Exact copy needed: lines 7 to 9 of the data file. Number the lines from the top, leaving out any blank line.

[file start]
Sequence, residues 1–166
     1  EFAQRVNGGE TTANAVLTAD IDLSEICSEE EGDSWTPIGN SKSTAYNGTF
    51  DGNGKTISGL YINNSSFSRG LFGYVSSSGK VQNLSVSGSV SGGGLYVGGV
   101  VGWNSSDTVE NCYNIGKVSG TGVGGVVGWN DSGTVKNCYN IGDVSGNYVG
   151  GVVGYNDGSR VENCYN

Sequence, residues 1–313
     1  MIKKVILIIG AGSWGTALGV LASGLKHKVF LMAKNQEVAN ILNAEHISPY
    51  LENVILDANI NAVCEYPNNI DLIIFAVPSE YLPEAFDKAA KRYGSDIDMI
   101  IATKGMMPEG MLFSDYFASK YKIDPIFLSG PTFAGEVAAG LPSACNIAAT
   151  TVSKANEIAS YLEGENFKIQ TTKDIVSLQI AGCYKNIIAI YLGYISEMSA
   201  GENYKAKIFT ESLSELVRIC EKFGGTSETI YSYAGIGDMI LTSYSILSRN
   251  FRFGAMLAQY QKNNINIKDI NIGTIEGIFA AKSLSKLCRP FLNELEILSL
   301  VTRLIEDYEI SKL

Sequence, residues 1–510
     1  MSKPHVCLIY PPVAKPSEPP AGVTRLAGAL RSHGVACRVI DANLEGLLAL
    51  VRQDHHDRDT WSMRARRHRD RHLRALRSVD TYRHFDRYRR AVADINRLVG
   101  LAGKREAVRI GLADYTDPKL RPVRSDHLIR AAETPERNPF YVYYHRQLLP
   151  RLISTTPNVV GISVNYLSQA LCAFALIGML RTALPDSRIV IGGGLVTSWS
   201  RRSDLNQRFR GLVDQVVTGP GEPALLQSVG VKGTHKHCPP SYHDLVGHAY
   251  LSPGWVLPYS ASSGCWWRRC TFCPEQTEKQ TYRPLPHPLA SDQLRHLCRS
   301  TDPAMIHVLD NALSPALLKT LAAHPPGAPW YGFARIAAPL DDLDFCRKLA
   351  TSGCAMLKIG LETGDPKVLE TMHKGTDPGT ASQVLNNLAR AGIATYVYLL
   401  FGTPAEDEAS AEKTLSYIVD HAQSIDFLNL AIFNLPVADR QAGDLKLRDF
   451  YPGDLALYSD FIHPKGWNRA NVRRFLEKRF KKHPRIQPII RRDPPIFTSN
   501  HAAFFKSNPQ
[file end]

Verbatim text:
     1  MIKKVILIIG AGSWGTALGV LASGLKHKVF LMAKNQEVAN ILNAEHISPY
    51  LENVILDANI NAVCEYPNNI DLIIFAVPSE YLPEAFDKAA KRYGSDIDMI
   101  IATKGMMPEG MLFSDYFASK YKIDPIFLSG PTFAGEVAAG LPSACNIAAT